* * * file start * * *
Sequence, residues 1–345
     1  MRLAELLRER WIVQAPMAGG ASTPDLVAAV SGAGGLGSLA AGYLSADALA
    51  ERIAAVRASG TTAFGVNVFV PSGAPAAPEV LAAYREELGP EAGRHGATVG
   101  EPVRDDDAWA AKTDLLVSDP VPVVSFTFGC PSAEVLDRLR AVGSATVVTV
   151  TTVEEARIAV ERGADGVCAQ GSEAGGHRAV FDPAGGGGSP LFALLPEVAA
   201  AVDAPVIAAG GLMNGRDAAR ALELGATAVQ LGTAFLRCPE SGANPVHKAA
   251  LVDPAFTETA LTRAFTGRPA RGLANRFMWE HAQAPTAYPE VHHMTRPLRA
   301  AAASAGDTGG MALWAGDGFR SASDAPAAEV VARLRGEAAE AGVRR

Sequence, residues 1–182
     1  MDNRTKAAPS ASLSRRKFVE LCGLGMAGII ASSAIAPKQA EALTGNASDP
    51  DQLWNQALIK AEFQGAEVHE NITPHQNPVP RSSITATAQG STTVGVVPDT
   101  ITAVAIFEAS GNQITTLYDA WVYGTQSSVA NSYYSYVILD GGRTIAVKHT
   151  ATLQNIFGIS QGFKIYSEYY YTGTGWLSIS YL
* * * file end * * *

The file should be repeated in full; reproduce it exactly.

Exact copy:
Sequence, residues 1–345
     1  MRLAELLRER WIVQAPMAGG ASTPDLVAAV SGAGGLGSLA AGYLSADALA
    51  ERIAAVRASG TTAFGVNVFV PSGAPAAPEV LAAYREELGP EAGRHGATVG
   101  EPVRDDDAWA AKTDLLVSDP VPVVSFTFGC PSAEVLDRLR AVGSATVVTV
   151  TTVEEARIAV ERGADGVCAQ GSEAGGHRAV FDPAGGGGSP LFALLPEVAA
   201  AVDAPVIAAG GLMNGRDAAR ALELGATAVQ LGTAFLRCPE SGANPVHKAA
   251  LVDPAFTETA LTRAFTGRPA RGLANRFMWE HAQAPTAYPE VHHMTRPLRA
   301  AAASAGDTGG MALWAGDGFR SASDAPAAEV VARLRGEAAE AGVRR

Sequence, residues 1–182
     1  MDNRTKAAPS ASLSRRKFVE LCGLGMAGII ASSAIAPKQA EALTGNASDP
    51  DQLWNQALIK AEFQGAEVHE NITPHQNPVP RSSITATAQG STTVGVVPDT
   101  ITAVAIFEAS GNQITTLYDA WVYGTQSSVA NSYYSYVILD GGRTIAVKHT
   151  ATLQNIFGIS QGFKIYSEYY YTGTGWLSIS YL